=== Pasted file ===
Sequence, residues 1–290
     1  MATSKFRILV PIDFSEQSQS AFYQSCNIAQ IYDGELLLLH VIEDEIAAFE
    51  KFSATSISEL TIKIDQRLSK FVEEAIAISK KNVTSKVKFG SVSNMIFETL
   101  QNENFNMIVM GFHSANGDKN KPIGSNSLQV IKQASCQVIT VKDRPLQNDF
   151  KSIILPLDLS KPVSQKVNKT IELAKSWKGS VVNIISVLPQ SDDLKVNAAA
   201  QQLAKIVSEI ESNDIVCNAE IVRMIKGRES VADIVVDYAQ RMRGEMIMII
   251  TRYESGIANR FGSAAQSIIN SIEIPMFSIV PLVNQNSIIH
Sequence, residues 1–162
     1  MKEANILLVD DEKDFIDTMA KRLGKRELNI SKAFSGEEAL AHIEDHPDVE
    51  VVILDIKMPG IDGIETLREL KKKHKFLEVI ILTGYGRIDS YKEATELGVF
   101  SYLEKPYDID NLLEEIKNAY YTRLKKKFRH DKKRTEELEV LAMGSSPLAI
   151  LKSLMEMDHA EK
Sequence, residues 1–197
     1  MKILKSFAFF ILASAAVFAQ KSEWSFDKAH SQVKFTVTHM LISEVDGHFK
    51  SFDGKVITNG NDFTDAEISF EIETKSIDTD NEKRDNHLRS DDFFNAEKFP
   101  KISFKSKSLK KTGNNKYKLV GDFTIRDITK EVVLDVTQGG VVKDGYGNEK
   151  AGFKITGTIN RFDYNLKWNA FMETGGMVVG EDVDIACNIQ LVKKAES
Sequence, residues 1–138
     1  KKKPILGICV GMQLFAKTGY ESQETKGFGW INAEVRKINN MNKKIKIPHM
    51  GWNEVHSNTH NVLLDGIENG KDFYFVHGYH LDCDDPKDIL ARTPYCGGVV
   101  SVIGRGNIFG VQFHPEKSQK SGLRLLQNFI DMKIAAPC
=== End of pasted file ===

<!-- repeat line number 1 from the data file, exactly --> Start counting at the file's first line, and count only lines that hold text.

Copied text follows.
Sequence, residues 1–290